Red-White Spring Game 5.1

Nebraska coach Scott Frost and the Huskers run on to the field May 1 before the Red-White Spring Game at Memorial Stadium.

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Steven M. Sipple and Parker Gabriel put a bow on spring football, recap head coach Scott Frost's most recent comments and the action from Saturday's Red-White Spring Game, among other topics. 

Football season might feel like a long way off still, but it’s already shaping up to be a short summer for Nebraska.

In fact, Cornhusker players are already halfway through a short break between the end of spring ball and the beginning of summer conditioning. June is going to be a sprint on the recruiting front. There are player comings and goings that have already started. And NU will be into preseason camp before July is out.

"We really break the year up into four segments. It's winter conditioning, spring ball, it's summer conditioning and it's the season," head coach Scott Frost said Thursday on the "Sports Nightly" radio program. "We're getting ready to start the third quarter of that." 

Let’s lay out what is sure to be a busy summer for the program.

Summer conditioning

The returning players report back May 17 when summer classes begin and will jump into an eight-week summer strength and conditioning program that Frost said will be split into four-week halves with an off week in the middle.

“Summer is going to be all about maintaining (strength) while getting them in shape and getting them maybe a touch faster and getting ready to run the lengths that they have to run,” Frost said. “(Strength coach Zach Duval) and his staff did a great job over the winter and you could see those results in spring practice.”

Over that time, players will also get together and play seven-on-seven, watch film and do drill work on their own.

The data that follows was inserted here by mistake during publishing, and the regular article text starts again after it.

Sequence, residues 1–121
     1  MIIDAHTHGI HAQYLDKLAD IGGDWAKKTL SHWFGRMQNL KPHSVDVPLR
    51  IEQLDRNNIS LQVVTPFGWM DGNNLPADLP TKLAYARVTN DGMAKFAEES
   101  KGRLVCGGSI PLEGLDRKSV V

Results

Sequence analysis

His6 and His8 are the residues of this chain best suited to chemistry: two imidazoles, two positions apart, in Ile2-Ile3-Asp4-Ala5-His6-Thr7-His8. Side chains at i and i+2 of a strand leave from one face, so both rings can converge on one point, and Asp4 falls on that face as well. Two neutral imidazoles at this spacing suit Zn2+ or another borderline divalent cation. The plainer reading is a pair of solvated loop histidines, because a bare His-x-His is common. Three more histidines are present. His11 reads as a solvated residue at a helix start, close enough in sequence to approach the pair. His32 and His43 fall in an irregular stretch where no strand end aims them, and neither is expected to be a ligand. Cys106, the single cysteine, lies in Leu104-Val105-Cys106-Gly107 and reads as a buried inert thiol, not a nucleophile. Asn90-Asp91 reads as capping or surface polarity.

"Even after the spring game, we're talking about, 'Look, we’ve got to put in some work this summer,’’ senior wide receiver Samori Toure said after the spring game. “We're all getting closer and I think it's starting to show on the field. I'm excited for the fall."

Portal out, portal in

The post-spring transfer portal movement began Saturday when reserve wide receiver Demariyon Houston left NU. He likely won’t be the only one, though Nebraska’s roster situation is such that it could be a quieter summer than normal on that front.

Players are more and more aware that there are more names in the portal than there are scholarships to go around.

With Houston gone, the Huskers stand at 86 scholarship players overall, including five returning seniors that don’t count against the 85-man limit. NU has some players that have likely earned scholarships — think 2020 walk-on transfers like receivers Oliver Martin and Levi Falck and Big Ten kicker of the year Connor Culp — so they will take up some of the available spots.

So, too, will a couple of incoming transfers. Nebraska has two spots left to use in the 2021 class (remember, each class is capped at 25 scholarship newcomers regardless of how much space there is on the 85-man roster) and is likely already surveying the landscape for potential additions.